When we finally emerged from our respective dens Tuesday morning, bleary-eyed and skeptical of the crystal blue sky, we headed for the gathering places that make Sag Harbor, a village of 2,000 people on Long Island’s East End, such a close-knit community. The Cove Deli on Main Street buzzed with the sound of a generator, and the lights were dim but the doors thrown open. They were cooking egg sandwiches and brewing coffee, and we were grateful to score the last two rolls in the place. There was one bagel, which a woman snapped up for her 10-year-old son. No, there were no croissants today.
We headed down to the heart of Main Street, and even at 9:30 a.m. the Five and Dime was open. The lights were all out, but the shop was doing a brisk business, using calculators to ring people up for buckets and tape. The guys at the Hardware Store were in rubber suits, bailing out the basement.
Across the street, there was a line out the door at the Golden Pear, beside which Sylvester and Co., an upscale general store, and the local pizza place, Conca D’Oro, remained boarded up. I went to wait on line for a cup of coffee, and there was a hint of desperation in people’s eyes as they stood patiently. The coffee makers weren’t working. But the workers were carefully pouring pots of hot water over coffee filters, and we all nearly drooled as the dark brown, pungent liquid seeped through.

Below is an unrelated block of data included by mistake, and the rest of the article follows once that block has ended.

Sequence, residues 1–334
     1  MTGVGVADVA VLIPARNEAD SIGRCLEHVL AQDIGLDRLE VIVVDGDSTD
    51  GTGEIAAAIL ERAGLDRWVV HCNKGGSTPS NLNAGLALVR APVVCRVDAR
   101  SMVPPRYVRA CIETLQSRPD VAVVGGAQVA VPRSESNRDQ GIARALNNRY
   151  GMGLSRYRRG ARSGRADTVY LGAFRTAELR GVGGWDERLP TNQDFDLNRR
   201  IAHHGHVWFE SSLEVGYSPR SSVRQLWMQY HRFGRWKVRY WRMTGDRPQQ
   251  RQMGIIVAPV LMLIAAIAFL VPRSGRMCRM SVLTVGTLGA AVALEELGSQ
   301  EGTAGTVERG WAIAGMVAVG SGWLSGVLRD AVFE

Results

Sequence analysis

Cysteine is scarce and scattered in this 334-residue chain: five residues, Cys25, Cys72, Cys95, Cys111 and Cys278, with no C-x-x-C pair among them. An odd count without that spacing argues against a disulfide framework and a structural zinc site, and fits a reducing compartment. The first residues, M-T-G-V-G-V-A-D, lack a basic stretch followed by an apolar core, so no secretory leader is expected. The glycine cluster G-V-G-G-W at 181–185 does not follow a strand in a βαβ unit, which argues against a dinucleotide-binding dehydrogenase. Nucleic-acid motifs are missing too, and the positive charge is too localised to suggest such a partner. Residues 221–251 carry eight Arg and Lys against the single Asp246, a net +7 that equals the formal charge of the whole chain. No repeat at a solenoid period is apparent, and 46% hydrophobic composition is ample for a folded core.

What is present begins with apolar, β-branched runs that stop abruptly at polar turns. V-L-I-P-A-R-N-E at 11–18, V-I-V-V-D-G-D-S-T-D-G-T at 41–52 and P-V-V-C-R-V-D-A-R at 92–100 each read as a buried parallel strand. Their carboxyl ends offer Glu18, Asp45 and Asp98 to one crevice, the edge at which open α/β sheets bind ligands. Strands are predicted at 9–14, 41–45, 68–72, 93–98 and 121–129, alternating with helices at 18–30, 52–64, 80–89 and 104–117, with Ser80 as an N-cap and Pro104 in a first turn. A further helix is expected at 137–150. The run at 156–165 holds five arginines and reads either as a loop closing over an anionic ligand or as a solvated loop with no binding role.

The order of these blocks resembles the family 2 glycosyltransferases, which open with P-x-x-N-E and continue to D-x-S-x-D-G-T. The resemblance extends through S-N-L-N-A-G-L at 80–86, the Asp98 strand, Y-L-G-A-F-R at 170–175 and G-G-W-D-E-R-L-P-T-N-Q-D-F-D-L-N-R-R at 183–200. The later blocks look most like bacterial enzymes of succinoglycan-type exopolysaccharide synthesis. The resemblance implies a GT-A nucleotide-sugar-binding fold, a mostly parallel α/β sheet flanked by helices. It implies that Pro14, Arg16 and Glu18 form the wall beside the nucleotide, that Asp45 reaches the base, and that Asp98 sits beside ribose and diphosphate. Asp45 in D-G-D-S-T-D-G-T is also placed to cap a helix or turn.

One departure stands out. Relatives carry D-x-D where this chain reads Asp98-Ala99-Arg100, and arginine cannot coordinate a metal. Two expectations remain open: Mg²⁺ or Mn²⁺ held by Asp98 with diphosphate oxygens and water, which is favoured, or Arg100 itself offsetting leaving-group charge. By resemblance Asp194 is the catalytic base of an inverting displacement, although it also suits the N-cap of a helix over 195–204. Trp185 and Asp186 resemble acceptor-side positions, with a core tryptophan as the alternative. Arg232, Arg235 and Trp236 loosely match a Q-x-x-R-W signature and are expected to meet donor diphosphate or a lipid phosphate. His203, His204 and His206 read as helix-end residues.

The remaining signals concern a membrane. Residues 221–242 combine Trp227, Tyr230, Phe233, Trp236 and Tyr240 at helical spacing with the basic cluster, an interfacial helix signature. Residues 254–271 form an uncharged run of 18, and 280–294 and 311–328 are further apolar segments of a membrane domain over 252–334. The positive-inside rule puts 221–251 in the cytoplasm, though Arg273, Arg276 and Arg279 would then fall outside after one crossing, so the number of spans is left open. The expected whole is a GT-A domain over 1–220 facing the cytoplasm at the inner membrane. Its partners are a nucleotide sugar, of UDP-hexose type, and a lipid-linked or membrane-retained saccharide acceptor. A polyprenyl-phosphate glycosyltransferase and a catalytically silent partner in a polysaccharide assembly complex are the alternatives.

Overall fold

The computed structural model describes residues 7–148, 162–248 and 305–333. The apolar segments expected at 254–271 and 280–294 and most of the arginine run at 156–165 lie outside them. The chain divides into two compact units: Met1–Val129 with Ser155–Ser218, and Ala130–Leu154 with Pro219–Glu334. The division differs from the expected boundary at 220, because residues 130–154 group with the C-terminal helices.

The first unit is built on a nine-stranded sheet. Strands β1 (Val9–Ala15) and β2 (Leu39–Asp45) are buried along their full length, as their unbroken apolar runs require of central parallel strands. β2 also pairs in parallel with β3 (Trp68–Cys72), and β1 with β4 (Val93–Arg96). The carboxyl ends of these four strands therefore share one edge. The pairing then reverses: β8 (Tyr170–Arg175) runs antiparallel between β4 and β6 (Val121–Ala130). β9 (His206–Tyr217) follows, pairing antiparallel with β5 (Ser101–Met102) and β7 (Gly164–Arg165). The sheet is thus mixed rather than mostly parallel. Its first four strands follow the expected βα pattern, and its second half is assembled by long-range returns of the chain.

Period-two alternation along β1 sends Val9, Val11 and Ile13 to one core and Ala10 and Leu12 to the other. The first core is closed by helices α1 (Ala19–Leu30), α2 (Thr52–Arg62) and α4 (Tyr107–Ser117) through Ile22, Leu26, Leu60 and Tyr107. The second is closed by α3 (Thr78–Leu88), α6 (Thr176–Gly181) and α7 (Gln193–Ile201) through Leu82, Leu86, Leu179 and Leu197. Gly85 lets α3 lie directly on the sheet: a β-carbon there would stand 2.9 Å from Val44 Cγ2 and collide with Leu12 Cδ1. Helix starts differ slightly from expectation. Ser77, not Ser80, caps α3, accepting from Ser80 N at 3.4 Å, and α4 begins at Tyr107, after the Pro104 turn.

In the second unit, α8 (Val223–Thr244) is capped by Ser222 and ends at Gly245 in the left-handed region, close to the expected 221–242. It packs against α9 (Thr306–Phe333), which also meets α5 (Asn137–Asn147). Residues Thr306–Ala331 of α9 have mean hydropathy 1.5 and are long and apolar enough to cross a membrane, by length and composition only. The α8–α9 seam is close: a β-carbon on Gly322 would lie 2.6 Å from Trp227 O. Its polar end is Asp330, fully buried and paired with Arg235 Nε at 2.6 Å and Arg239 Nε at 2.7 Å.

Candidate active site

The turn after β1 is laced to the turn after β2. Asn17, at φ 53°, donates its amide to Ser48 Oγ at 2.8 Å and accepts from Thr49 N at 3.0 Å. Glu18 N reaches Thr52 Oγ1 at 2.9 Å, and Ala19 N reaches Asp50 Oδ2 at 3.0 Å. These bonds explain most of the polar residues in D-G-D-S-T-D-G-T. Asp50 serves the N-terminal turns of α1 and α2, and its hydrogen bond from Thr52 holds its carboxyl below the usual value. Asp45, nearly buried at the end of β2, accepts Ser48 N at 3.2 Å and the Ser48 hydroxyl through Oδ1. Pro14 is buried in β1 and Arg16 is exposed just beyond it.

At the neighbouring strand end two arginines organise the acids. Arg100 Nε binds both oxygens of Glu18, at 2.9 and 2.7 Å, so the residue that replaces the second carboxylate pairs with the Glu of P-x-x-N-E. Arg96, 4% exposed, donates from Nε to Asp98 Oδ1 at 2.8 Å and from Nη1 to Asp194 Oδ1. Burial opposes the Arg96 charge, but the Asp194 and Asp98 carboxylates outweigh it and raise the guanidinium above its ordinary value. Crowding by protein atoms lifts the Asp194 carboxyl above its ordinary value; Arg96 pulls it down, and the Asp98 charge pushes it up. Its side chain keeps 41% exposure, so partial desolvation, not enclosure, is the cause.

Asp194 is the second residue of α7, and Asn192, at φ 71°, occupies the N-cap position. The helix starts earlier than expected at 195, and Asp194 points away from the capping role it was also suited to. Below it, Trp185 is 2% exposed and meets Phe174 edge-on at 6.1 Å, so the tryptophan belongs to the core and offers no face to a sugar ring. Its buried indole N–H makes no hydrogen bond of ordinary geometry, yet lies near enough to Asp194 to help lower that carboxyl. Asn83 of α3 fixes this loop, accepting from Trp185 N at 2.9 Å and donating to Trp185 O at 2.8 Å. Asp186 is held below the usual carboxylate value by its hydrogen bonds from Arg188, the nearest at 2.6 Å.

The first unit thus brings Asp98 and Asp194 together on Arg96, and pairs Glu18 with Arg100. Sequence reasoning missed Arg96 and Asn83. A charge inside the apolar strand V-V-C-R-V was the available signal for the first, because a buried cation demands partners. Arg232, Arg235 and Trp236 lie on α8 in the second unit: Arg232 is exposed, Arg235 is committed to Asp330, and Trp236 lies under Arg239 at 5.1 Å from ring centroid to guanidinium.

“We’ve got eggs!” someone shouted victoriously, and people shuffled excitedly in their places.
The relatively relaxed scene came as a relief to locals after Hurricane Sandy terrorized Long Island, killing four people as of Tuesday, including one person whose body had washed ashore in tony East Hampton, just seven miles from Sag Harbor. Across Suffolk and Nassau counties, the devastation was immense: homes were destroyed, roads submerged, piers and beaches wiped out altogether. Officials estimate the damage inflicted across the East Coast from Sandy will top Hurricane Irene's $15 billion price tag.